Anger: indicated by a glare that involves the eyes, eyebrows, nose, and mouth
Fear: indicated by a wide-eyed look that involves the eyes, eyebrows, forehead, and mouth
Surprise: indicated by a raised eyebrow look that involves the eyes, eyebrows, forehead, and mouth
Disgust: indicated by a nose-wrinkle look that involves the nose, mouth, and cheeks
Contempt: indicated by a smirk that involves one side of the mouth
Reading and responding to facial expressions effectively is important for effective communication in the workplace because it can help us to:
Recognize the emotions and needs of others
Express our own emotions and needs appropriately
Manage our emotions and cope with stress
Enhance our social skills and relationships
Example 3: Speaking with Your Hands - The Art of Gestures
Gestures and hand movements are the way we use our hands and arms to nonverbally communicate ideas, actions, or emotions. They can complement, emphasize, or substitute verbal communication. This is not limited only to sign language.
For example, we can use several types of gestures to illustrate a point or to reinforce a statement without words.
Some different types of nonverbal gestures and their cultural significance are:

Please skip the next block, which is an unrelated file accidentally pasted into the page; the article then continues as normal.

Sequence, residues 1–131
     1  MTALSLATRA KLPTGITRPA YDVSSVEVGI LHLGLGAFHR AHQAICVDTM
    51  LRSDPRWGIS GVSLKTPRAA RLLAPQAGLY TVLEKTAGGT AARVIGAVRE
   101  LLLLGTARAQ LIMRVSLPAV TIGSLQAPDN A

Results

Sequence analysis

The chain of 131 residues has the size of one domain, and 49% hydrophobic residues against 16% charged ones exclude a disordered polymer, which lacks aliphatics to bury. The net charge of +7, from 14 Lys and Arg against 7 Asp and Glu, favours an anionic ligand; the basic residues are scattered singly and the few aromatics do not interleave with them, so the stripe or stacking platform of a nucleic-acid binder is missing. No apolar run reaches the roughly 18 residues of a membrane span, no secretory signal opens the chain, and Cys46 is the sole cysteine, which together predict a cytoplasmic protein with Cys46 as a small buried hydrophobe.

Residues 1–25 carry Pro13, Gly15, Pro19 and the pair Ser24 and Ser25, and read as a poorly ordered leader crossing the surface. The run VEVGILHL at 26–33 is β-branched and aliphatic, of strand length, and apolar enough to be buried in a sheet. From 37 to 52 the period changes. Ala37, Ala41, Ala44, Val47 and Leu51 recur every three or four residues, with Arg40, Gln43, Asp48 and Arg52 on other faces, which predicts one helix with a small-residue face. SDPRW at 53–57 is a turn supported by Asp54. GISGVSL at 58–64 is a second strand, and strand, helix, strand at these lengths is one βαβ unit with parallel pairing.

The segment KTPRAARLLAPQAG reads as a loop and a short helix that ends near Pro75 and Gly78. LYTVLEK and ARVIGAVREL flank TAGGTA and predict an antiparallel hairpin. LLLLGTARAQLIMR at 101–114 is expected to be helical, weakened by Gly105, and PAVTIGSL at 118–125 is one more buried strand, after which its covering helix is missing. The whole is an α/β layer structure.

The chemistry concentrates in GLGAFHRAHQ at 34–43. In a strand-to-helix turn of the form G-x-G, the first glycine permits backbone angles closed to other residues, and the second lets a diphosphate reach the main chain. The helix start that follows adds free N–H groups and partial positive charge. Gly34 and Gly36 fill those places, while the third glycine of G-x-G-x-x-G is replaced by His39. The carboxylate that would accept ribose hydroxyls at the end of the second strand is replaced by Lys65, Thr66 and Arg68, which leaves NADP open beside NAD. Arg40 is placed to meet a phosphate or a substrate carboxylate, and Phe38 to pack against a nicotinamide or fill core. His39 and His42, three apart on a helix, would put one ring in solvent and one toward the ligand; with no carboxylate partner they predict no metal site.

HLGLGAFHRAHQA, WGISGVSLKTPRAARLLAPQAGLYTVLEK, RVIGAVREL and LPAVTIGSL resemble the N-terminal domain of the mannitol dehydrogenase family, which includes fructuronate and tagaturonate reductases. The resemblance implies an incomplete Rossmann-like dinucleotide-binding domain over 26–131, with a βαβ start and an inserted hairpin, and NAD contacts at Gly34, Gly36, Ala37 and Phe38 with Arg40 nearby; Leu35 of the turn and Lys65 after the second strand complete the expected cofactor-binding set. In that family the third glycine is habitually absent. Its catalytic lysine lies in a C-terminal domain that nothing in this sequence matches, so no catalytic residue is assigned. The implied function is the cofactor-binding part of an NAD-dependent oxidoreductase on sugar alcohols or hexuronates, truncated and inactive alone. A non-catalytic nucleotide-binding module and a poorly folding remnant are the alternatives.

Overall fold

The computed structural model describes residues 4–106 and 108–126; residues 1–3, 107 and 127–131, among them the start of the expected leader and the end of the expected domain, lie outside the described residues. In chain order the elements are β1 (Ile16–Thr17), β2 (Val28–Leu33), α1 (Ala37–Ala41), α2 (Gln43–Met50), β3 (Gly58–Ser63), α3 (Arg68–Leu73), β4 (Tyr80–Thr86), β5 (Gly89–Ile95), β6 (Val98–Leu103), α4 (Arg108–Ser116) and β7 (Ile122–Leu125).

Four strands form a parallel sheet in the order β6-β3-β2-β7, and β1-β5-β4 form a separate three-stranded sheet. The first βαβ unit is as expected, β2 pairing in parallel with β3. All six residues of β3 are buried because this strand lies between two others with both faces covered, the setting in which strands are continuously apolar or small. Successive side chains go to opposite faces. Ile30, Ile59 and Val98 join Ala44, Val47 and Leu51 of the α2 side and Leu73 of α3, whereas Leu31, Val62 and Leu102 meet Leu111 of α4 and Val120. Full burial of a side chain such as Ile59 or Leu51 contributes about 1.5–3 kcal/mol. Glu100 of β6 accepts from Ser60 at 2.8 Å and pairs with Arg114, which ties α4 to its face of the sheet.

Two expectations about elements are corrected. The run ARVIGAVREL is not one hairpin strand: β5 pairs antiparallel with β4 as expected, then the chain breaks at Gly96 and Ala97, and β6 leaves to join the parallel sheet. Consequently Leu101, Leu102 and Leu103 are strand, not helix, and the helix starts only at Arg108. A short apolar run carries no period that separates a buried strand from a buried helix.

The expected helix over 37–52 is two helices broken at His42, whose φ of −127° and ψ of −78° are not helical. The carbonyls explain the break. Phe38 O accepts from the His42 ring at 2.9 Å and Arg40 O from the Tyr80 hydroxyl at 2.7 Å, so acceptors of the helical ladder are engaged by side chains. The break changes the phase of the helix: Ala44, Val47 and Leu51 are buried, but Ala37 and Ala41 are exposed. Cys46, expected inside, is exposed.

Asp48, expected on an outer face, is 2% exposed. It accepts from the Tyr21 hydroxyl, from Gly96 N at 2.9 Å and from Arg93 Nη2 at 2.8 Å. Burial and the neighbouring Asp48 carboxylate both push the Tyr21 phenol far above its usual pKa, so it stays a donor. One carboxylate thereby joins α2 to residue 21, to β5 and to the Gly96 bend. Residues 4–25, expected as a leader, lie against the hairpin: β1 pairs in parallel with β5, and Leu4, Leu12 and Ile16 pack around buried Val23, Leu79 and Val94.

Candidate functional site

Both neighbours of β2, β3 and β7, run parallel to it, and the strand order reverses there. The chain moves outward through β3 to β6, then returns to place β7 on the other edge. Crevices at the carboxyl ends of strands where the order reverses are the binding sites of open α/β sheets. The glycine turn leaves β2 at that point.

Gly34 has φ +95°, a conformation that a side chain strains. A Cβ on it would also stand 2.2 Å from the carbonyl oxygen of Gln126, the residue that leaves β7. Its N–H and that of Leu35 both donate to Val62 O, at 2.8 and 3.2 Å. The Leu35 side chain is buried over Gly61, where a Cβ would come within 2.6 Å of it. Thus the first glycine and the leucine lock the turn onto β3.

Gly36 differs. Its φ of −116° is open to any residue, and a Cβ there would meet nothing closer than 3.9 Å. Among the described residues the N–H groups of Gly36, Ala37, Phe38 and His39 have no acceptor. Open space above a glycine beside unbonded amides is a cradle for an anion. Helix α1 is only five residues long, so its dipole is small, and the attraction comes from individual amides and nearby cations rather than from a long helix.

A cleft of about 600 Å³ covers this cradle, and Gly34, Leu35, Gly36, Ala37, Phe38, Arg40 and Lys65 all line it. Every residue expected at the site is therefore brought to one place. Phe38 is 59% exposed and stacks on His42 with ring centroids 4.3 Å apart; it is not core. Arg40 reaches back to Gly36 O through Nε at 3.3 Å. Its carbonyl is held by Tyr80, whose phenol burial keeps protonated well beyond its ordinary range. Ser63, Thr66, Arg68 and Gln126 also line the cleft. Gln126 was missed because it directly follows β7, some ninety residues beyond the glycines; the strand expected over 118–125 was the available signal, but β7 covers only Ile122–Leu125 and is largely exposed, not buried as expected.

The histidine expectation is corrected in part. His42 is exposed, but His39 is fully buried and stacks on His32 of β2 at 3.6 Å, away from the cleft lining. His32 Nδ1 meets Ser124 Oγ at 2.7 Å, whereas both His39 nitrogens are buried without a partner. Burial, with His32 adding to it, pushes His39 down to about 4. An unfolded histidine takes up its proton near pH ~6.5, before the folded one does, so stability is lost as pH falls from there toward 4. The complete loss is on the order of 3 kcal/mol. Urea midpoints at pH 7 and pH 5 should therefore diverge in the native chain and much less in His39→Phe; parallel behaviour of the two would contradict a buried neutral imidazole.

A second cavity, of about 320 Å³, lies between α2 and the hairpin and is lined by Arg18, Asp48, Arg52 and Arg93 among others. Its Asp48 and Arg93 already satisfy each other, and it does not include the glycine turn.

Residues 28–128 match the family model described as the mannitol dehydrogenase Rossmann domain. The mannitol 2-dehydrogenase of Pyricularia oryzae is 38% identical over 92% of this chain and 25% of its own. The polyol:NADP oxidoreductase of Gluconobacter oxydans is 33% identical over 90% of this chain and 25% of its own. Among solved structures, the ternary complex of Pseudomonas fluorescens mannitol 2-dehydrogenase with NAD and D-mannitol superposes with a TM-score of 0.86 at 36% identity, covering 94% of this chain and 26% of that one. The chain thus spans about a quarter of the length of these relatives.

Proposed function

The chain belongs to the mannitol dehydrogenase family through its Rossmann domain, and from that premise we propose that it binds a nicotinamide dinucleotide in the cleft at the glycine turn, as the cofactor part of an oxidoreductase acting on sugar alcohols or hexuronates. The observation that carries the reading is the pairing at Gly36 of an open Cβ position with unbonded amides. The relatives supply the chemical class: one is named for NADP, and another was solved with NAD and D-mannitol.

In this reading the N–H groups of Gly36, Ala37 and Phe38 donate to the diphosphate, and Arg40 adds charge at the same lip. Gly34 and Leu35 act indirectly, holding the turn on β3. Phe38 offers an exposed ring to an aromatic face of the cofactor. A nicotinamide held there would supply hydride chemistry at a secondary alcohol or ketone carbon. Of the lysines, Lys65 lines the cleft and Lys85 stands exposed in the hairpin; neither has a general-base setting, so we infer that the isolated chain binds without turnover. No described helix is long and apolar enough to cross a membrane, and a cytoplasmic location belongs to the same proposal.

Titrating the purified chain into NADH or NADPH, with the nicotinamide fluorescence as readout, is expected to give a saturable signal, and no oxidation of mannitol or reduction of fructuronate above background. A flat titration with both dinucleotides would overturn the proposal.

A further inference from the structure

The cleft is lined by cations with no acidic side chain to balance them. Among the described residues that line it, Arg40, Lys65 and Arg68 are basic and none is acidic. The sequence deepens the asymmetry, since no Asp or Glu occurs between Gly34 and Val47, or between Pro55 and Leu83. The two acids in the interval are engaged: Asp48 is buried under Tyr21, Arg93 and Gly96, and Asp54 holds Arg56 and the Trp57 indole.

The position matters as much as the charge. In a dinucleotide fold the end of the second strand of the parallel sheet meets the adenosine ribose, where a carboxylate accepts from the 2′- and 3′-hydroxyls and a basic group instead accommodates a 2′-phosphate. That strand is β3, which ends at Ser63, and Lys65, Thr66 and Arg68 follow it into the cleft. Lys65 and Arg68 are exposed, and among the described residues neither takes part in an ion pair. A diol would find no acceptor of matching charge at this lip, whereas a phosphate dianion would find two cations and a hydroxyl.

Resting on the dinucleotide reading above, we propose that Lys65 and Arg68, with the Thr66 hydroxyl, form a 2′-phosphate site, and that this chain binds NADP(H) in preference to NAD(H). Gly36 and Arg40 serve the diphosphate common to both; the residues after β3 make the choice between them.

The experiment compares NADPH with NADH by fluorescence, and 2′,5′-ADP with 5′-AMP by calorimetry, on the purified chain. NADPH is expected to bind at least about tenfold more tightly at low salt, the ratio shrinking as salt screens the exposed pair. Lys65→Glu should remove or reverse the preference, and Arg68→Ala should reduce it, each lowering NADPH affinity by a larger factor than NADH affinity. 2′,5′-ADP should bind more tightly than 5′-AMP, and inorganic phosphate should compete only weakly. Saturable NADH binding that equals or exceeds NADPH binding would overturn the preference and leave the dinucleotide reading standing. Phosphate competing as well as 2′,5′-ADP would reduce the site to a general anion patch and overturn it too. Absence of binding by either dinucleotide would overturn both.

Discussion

Emblems: hand gestures that have a direct verbal equivalent, such as waving hello or goodbye, nodding yes or no, or giving a thumbs up or down. These gestures are often culturally specific and can vary in meaning across different regions and countries. For example, the OK sign (making a circle with the thumb and index finger) can mean “okay” in some cultures, but it can also mean “zero”, “money”, or an offensive insult in others.
Illustrators: gestures that accompany and illustrate verbal communication, such as pointing at something, drawing shapes in the air, or showing the size of something with the hands. These gestures are often used to clarify, emphasize, or demonstrate what is being said. They can also help the speaker organize their thoughts and keep the listener’s attention.
Regulators: gestures that regulate and control the flow of verbal communication, such as raising a hand to speak, nodding to show agreement or encouragement, or holding up a finger to indicate “wait a minute”. These gestures are often used to signal turn-taking, feedback, or interruption in a conversation. They can also help maintain harmony and cooperation among participants.